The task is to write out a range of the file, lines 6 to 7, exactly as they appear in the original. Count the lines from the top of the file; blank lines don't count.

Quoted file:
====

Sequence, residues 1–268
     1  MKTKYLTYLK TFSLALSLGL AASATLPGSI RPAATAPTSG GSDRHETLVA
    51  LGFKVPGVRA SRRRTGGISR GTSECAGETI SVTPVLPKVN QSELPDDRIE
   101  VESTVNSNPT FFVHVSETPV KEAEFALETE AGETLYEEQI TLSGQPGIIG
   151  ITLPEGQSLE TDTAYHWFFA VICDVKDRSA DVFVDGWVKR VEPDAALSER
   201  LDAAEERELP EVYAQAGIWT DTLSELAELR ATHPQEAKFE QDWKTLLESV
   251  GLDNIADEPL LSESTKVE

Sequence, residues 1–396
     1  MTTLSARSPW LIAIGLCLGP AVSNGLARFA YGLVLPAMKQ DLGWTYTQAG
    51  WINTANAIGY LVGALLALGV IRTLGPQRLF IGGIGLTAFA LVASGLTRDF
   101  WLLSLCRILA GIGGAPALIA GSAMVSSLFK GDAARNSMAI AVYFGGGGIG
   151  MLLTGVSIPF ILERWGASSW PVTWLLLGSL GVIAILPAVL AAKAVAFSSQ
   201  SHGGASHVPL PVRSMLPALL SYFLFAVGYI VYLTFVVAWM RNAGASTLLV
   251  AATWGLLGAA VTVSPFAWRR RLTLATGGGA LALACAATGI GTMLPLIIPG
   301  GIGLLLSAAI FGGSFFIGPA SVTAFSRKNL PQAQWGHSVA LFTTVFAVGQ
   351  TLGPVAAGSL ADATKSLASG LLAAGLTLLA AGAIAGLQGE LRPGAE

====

   201  LDAAEERELP EVYAQAGIWT DTLSELAELR ATHPQEAKFE QDWKTLLESV
   251  GLDNIADEPL LSESTKVE